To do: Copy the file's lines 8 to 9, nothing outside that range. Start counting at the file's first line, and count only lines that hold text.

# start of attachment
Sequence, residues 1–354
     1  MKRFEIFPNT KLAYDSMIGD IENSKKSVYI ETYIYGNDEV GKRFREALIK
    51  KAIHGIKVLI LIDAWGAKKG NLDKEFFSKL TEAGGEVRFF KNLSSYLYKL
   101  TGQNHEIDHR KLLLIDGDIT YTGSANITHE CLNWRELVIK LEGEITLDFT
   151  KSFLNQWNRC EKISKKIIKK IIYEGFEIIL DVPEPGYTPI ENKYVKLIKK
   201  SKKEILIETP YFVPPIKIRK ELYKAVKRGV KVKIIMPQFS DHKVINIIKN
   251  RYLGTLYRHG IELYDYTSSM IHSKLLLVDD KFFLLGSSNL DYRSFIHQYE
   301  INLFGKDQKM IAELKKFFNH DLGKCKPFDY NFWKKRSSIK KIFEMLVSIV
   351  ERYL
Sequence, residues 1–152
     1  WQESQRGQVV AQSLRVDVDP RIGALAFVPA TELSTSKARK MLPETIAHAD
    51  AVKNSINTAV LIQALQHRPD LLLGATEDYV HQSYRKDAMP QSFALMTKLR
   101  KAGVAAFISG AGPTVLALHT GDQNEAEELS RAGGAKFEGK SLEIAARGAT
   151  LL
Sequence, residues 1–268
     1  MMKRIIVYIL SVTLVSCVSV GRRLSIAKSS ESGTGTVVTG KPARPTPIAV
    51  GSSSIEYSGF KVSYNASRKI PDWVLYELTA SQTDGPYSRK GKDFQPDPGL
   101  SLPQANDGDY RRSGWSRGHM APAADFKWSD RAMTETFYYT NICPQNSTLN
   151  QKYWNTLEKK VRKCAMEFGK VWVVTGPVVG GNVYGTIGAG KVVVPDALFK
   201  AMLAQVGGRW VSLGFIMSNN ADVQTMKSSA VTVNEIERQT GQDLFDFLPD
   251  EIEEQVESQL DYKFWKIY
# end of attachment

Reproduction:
   301  INLFGKDQKM IAELKKFFNH DLGKCKPFDY NFWKKRSSIK KIFEMLVSIV
   351  ERYL